Currently ...

Listening To

So you tried to put the fire out
But you used gasoline
When the congregation gathered around
You're screamin' "It wasn't me,"
So there is a sickness that's going around
But no one's got a vaccine
I think it drowned in holy water
I think it's time we all come clean

I swear it's like dying
To catch a ghost
It feels like I'm trying
To hold smoke
I swear it's like dying
To catch a ghost
It feels like I'm trying
To hold smoke

When the army had to hold the line
Well you were nowhere near the front
Before the kids could tell their dog goodbye
Well you were loadin' up your gun
I want to know why there's a great divide
I wanna know what I've become
You think that no one else is lonesome?
You think that you're the only one?

It feels like I'm jumping towards a train
It feels like I'm jumping towards a train
We all try to make our way

It feels like I'm jumping towards a train
It feels like I'm jumping towards a train
We all try to fake a way


It's true, lasers CAN make you slimmer.
Overall, participants in the treatment group demonstrated a total girth reduction across all four sites of 89 millimetres (3.51 inches) compared with control subjects who showed a 17-millimetre reduction. Maloney says the reduction in the placebo group is a reflection of the typical placebo response. The results were published last month in Lasers in Surgery and Medicine (vol 41, p 799).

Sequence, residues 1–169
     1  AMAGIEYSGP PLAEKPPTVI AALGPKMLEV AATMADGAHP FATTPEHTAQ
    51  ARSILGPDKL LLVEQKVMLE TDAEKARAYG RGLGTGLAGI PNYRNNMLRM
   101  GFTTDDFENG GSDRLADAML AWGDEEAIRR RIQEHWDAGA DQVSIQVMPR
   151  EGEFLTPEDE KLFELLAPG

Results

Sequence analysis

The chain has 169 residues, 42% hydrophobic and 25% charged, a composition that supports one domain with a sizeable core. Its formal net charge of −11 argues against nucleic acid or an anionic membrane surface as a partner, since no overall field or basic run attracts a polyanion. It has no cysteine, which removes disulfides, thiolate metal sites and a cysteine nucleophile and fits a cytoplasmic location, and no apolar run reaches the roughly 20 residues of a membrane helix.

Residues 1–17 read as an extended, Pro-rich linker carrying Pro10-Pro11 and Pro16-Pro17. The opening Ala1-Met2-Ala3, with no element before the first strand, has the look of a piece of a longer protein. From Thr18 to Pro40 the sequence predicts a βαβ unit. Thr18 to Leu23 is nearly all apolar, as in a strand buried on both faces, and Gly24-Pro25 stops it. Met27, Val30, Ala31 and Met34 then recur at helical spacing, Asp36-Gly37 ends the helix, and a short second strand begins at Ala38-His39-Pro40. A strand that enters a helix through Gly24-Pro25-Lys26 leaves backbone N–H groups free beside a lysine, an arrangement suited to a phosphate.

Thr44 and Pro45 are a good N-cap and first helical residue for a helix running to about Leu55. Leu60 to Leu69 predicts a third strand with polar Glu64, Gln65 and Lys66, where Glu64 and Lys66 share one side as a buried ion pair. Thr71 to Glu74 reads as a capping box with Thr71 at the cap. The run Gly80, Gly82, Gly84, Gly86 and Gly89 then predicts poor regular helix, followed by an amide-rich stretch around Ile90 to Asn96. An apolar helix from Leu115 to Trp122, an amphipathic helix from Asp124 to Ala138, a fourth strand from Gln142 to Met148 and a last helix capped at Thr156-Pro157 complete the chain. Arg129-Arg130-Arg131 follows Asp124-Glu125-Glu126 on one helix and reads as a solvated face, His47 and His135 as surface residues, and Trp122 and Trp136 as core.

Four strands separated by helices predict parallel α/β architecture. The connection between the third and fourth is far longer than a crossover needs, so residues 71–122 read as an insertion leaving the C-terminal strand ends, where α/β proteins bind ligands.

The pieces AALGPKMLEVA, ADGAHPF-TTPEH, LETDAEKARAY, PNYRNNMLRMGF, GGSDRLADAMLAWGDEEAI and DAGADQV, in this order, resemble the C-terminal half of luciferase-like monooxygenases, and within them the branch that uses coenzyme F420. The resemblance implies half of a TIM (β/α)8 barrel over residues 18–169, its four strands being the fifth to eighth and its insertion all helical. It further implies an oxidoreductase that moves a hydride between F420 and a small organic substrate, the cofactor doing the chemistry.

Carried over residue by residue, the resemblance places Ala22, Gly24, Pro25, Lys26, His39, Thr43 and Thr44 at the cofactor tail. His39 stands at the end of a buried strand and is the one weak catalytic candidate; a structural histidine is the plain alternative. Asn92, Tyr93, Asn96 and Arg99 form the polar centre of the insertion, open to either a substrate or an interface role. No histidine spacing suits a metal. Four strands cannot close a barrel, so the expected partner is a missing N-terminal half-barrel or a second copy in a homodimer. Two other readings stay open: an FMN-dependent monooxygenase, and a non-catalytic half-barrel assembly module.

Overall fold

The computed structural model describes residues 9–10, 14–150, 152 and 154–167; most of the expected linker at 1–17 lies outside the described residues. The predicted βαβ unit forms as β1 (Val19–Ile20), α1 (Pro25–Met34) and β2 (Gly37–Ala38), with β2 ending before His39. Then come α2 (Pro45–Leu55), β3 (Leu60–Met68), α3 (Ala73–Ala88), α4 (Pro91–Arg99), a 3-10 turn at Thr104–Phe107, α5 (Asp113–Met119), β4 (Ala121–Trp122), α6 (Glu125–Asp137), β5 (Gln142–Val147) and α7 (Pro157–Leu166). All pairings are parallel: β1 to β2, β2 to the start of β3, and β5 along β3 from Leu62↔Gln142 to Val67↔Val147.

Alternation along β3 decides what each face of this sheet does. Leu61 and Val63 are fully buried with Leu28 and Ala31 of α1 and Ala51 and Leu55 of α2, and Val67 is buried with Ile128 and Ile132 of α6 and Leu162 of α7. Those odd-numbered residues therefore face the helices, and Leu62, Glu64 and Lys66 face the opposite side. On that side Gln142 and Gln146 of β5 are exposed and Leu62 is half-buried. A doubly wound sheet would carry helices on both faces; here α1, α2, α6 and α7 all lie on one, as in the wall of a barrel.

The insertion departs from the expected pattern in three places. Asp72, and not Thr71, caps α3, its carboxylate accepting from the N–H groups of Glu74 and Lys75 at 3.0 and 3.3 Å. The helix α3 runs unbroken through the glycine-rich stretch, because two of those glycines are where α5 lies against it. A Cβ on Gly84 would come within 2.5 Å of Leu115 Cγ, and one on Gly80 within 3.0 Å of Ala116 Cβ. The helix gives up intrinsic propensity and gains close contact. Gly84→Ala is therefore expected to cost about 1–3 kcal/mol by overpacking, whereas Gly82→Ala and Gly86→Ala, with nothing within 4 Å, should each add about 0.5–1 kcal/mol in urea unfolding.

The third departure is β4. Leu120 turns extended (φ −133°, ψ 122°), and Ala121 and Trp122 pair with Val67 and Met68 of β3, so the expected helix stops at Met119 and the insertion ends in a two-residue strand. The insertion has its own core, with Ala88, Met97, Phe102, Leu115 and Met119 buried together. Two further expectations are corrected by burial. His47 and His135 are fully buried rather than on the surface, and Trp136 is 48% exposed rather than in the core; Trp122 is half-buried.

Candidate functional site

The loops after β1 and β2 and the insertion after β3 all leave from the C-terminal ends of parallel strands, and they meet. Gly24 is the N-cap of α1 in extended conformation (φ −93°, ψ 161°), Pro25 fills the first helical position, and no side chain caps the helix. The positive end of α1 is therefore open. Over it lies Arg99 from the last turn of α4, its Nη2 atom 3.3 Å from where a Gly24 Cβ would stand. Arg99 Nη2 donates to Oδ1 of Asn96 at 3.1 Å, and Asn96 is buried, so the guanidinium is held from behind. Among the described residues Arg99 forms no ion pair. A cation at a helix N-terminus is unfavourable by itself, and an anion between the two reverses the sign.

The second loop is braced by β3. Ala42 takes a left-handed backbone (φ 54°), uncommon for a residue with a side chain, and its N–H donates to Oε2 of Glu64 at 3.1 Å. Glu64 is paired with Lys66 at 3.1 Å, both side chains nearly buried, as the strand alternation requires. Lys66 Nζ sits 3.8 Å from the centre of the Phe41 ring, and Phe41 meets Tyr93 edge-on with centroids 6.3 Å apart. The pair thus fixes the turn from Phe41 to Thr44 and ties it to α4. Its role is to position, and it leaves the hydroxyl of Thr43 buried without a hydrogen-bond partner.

Sheesh, that sure would be easier than what I'm currently about to do ... P90X.

Yep, I'm an idiot. I've finally decided that I just can't tolerate my *ahem* girth any longer. It (my body) is a far cry from what it looked like during my track and field days, and I just can't stand it any longer. So I got P90X, an iron gym (that doorway pull up bar) and resistance bands and I'm going to start torturing myself soon. First I need to get everything together to keep my nutrition in line with what the program recommends because I figure if I'm slurping down Mickey D's every day, no amount of pull-ups is going to help my waistline.

So why am I telling you about this? Well, for one simple reason. I hope that by putting this out in public, if I don't follow through, I will be publicly shamed. A perverse sort of peer pressure I suppose.

So while I'm out grocery shopping, I suppose I need to look and see if I can get myself into one of these laser trials.

So close, but yet ...